05 December 2020 05:47:22 IST

How innovation is being engineered at tech schools

In 2018, IIT Madras students (from left) Kavan Savla, Shashwat Sahoo, Yash Patil, and Anoubhav Agarwaal, developed Artemis.

Engineering colleges are in a race to innovate, providing rich learning for students along the way

Tejas Deolasee is a final year student of chemical engineering at IIT Madras. But ask him to introduce himself and the 22-year-old’s voice perks up as he describes himself as the student executive head of the Centre for Innovation (CFI) at IIT Madras. The student-run CFI was started in 2008 as a forum for creative output for the institute’s budding engineers. Twelve years later, it is a place that’s buzzing with ideas round the clock. The centre has helped IIT Madras top the Atal ranking of institutes on innovation achievements (ARIIA), for the second consecutive year. ARIIA, an initiative of the Ministry of Education, grades educational institutions on their ability to foster an ecosystem of high quality research, innovation and entrepreneurship.

Apart from three IITs (Madras, Bombay and Delhi), the top ranked institutions included College of Engineering, Pune; Kalinga Institute of Industrial Technology, Khordha; and SR Engineering College, Telangana. But the ARIIA list apart, education experts agree that innovation is no longer seen as the sole preserve of the IITs. In recent years, several public and private engineering colleges and universities have jumped on the innovation bandwagon. Through the setting up of technical infrastructure, incubation cells, technological transfer and patent cells, and research parks, they aim to ensure that they don’t just churn out graduates with top-notch placement potential but also a few innovators and entrepreneurs who generate jobs.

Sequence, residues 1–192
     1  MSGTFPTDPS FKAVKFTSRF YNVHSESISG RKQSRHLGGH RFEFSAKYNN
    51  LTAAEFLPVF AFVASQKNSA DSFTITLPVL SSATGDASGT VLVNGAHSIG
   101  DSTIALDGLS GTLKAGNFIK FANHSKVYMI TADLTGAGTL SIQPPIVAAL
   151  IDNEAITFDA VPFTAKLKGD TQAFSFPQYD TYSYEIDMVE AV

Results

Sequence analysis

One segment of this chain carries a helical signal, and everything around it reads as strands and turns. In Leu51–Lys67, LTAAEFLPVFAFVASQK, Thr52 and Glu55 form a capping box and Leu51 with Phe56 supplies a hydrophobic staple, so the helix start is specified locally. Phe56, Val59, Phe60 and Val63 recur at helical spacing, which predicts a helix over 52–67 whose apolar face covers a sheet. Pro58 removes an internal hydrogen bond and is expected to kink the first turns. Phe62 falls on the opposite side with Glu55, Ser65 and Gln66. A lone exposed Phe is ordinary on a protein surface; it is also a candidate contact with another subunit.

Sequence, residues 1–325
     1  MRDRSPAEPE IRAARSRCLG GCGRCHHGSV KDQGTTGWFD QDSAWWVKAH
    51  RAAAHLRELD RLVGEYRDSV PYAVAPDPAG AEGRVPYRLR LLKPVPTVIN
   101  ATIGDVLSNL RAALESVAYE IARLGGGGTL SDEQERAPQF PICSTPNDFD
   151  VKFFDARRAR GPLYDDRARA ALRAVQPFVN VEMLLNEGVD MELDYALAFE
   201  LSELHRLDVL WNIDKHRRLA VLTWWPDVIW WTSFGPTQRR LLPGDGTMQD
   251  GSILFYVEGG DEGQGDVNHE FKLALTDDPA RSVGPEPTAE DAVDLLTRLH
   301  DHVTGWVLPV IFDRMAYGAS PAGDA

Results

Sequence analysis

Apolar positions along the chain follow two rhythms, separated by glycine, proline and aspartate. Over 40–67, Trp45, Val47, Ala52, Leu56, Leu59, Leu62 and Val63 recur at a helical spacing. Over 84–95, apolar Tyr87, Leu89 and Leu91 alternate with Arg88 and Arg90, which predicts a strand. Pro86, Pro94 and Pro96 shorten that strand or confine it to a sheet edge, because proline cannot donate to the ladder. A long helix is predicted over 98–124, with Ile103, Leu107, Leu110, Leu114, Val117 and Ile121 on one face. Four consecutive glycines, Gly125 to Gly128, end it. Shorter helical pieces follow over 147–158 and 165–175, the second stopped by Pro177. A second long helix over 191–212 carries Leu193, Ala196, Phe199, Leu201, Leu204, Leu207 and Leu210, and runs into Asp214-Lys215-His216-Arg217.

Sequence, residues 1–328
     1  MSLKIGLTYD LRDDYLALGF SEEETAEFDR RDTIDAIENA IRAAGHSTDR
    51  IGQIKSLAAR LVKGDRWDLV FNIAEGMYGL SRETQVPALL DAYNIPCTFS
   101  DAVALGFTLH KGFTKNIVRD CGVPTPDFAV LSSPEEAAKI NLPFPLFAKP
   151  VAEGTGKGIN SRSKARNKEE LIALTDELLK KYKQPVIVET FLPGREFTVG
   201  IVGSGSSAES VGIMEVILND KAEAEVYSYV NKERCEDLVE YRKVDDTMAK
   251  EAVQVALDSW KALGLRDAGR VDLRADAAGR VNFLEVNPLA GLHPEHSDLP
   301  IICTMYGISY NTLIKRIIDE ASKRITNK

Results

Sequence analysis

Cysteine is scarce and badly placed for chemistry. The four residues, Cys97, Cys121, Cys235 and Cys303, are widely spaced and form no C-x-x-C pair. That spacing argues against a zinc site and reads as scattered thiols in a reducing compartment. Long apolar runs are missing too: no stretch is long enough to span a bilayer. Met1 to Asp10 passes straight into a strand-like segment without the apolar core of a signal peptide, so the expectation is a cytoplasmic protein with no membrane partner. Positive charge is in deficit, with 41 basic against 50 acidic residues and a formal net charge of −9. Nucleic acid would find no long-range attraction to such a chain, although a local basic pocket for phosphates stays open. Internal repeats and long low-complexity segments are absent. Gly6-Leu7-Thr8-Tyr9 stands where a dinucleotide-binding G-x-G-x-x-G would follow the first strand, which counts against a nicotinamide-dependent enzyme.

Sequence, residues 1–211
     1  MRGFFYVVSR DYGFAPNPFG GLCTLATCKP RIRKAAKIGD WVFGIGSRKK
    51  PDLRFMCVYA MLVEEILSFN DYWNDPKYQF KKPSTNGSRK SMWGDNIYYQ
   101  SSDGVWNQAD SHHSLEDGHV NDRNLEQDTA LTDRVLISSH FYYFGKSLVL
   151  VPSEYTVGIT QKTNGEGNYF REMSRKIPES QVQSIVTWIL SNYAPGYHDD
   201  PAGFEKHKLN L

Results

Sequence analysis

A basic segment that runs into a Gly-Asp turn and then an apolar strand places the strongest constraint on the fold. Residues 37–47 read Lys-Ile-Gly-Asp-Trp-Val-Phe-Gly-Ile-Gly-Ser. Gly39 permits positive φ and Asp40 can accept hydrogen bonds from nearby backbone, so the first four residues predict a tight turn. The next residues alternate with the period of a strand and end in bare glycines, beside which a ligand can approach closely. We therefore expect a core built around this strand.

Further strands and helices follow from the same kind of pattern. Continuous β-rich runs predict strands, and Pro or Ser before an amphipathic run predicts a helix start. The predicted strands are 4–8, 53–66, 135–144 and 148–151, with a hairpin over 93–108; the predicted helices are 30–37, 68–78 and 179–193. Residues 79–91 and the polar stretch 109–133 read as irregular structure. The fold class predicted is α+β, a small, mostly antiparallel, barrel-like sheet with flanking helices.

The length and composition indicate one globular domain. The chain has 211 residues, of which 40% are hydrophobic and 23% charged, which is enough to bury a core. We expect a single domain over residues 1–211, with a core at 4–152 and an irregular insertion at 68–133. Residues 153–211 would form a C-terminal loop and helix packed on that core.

A unique product

“Our motto is: Walk in with an idea and walk out with a product,” says Deolasee. With clubs dedicated to specialisations such as 3D printing, techno infotainment, physics and astronomy, ibots, formula racing, aeromodelling and social innovation, the students have a lot to choose from. Typically, a student team either submits a project idea that gets accepted by an existing club or latch on to any of the clubs’ ongoing research for some first-hand experience in product development. Once a prototype is developed, the project moves to a pre-incubation for financial support and mentorship. The final phase is when it enters the admin-run research park, which looks at technology transfers, filing for patents and how to roll out a fully developed product into the market.

In the last ten years, nearly a dozen projects incubated at CFI have turned into fully functional market innovations. CFI has also acquired 19 patents in the last six years. Some of the exciting projects in various stages of incubation include developing a low-cost bot that can detect cracks in a railway line, a portable text-to-Braille converter for the visually impaired, a foldable house for disaster-prone areas, mountain climbing gear for the disabled, a gas leak detection technology for chemical engineering industries, a mass rover and more. “While it is difficult to turn all projects into full-fledged start-ups, the experience provides for rich learning,” says Deolasee.

According to Dr W Selvamurthy, President, Amity Science, Technology and Innovation Foundation, an apt environment for innovation needs human resource with the right aptitude, research and development infrastructure, and an ecosystem which fosters experiential learning and problem solving.